Jonathan: I like to life it off the press, like you’re saying, because you don’t want to throw your hips all out of whack. So the natural position for your body is going to be to have your legs both up on there in the same position, but you just don’t want to use one of them to exert force on the way down. It’s only going to exert force on the way up.

April: Okay, I love that. This is kind of a random question, but what are the ripped people at the gym doing? Can you just, in two sentences, explain what they are doing, because as you’re seeing people who are super muscular, what is that whole process? Should we even look into that?

Jonathan: Yes, the number one thing is, especially if this is a man, they’re on anabolic steroids. I know that sounds like, “That’s crazy!” But I work out at Gold Gym, which I love. I absolutely love it. And if you look the way some of those people look, they’re on steroids. And they’re not necessarily crazy, bad people. They’re just taking steroids. A lot of people are on steroids. And if they’re not on steroids, they’re on other – you would be surprised – I used to be in the fitness industry, I know how these things work. There are a lot of people, there are a lot of females, that snort cocaine. These are not pleasant things to talk about, but no one’s going to talk about it, and it’s incredibly common, and if you see someone who looks like they are getting unnatural results, it’s very likely because they’re doing unnatural things. Now, not everyone who looks that way is snorting cocaine or taking steroids.

April: We’re not going to go start pointing fingers. “Jonathan said…”

Jonathan: What they doing, likely, in addition to those things, or in place of those things, there is usually a very high amount of money that is being spent on athletic nutritional supplements. And then when it comes to eating, it’s very, very simple. With females, they’re usually eating about 1200-1400 calories per day, coming from purely vegetables and proteins, six meals per day, the same things, we’re talking like a can of tuna and a quarter of an avocado at 3:00 p.m. – period. Every day, no exceptions. No sauces, you’re not eating out. It’s counted, you’re weighing your food – period. And that’s what gives you those results.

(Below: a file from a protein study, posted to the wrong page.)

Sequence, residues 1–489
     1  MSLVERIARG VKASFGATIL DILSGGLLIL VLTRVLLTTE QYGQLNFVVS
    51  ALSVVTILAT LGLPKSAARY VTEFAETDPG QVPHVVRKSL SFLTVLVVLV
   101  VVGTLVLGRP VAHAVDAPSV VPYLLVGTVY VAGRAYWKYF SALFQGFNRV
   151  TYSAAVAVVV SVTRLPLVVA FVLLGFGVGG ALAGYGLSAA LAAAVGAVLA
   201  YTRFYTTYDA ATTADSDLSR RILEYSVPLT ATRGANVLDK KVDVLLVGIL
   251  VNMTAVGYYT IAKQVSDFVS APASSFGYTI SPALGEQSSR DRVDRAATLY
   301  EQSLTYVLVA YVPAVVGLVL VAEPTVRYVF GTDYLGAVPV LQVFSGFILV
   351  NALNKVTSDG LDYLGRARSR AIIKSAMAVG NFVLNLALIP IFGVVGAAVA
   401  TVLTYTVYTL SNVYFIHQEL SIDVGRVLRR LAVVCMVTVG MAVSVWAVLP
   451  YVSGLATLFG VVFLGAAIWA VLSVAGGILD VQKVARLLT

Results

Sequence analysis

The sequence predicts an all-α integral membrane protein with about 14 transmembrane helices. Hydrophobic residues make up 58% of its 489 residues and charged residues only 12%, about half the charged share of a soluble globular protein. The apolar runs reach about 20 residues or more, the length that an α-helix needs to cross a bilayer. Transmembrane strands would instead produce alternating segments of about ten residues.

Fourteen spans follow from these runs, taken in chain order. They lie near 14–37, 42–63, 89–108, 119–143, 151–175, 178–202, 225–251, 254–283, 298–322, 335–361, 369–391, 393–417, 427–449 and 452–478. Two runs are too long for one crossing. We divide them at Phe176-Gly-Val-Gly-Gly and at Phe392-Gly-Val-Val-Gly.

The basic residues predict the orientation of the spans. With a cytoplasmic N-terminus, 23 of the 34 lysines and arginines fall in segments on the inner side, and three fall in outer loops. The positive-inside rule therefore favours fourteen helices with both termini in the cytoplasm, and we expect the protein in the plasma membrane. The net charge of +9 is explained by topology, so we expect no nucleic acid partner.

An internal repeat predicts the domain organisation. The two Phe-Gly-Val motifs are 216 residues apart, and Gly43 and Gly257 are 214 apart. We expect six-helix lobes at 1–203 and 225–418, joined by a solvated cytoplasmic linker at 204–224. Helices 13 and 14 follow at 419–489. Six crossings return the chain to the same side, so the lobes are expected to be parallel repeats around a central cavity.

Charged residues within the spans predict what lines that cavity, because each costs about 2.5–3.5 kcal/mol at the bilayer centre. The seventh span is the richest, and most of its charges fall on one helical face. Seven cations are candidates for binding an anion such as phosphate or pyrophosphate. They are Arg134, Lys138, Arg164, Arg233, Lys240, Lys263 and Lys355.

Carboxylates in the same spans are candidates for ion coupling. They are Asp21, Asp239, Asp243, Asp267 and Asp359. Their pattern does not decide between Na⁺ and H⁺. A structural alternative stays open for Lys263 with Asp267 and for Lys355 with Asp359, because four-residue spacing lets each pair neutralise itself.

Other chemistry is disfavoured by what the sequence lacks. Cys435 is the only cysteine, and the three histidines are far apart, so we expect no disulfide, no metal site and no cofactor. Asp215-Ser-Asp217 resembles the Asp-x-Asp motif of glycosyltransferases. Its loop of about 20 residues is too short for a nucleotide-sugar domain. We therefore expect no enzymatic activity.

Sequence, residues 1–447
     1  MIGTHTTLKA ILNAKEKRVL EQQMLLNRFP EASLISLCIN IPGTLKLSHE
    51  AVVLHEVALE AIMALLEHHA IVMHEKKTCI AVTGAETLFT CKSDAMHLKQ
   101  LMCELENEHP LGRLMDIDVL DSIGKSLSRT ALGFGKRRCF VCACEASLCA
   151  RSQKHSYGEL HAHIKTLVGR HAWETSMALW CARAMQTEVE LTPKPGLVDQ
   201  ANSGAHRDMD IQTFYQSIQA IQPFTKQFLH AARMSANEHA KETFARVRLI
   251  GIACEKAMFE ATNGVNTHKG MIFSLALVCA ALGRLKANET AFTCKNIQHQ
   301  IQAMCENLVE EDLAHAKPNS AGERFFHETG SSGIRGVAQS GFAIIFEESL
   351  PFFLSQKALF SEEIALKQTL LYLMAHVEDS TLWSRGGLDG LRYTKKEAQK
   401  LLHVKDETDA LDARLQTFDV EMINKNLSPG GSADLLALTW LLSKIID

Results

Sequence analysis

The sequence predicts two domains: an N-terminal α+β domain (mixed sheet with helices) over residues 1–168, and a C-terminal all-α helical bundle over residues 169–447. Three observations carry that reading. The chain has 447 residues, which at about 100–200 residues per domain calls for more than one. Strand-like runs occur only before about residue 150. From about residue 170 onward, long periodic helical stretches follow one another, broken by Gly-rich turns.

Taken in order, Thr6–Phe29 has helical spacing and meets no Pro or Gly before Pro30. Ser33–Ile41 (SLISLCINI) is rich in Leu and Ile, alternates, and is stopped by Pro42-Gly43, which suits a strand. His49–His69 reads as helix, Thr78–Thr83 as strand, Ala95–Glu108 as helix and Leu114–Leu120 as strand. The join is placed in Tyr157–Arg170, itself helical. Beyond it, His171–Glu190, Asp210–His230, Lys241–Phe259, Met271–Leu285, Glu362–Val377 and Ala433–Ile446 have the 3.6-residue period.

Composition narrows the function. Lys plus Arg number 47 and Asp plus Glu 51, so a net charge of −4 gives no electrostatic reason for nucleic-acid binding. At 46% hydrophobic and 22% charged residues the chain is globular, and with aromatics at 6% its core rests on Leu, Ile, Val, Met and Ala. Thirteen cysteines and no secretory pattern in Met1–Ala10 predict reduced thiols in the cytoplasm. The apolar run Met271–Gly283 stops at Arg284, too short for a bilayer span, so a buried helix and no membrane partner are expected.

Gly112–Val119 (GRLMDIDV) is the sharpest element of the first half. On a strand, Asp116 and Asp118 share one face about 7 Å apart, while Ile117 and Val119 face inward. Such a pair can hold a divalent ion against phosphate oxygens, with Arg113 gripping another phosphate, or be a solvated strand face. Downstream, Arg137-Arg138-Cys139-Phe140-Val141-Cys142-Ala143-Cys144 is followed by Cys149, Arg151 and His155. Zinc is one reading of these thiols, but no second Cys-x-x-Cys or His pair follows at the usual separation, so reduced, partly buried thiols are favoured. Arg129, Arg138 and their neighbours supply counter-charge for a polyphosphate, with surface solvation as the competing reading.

And with men, it’s going to be the same thing, it’s just going to be more calories, because usually they need way more calories, so it’s going to be six meals a day, the same thing, every single day, no exceptions – period. If you’re a professional, this is your job and you do everything you can to be the best in the world at your job. That’s what a lot of these individuals do. And there’s nothing wrong with that, it’s not a criticism. But if you’re a professional heart surgeon, hopefully no one at the gym is going to look at you and think, “Oh my God, I hate myself for not being good at heart surgery.” You’ve dedicated your life to being a wonderful heart surgeon and that’s what you do. When you see these other people at the gym and they have 3% body fat, they’ve dedicated their life to that and that’s what they do, so please don’t hate yourself for not being them.

April: Or even just comparing yourself in a way that really isn’t fair. I really appreciate that because it’s true. Sometimes you’re looking around and you’re thinking, “Well, they’re using the same machines I’m using. Should I be doing something different?” Okay, I think that’s great.

Next question is about food and feeding kids. We’ve talked about this in the past in different episodes. We’re going to talk about it a little bit more. Here’s what it says. “What are your best ideas for getting lots of real food into little bodies? I better understand now why so many parents resort to non-food. Children are not apt to sitting and eating large portions of any food throughout the day, and it makes sense why bread is so common. It’s a quick way to get full. It takes a lot of veggies and quality protein and fats to get full, and even when my kids love something, they don’t go back for seconds. I have to make an effort to get a large portion of veggies in my body every day, any ideas on how to help kids get their large portions of greens?”

They’re working on good conversations and questions at the dinner table to keep everyone sitting longer. What are other suggestions? I know you don’t have children at this point, but hearing that, what are some first thoughts that come to your mind?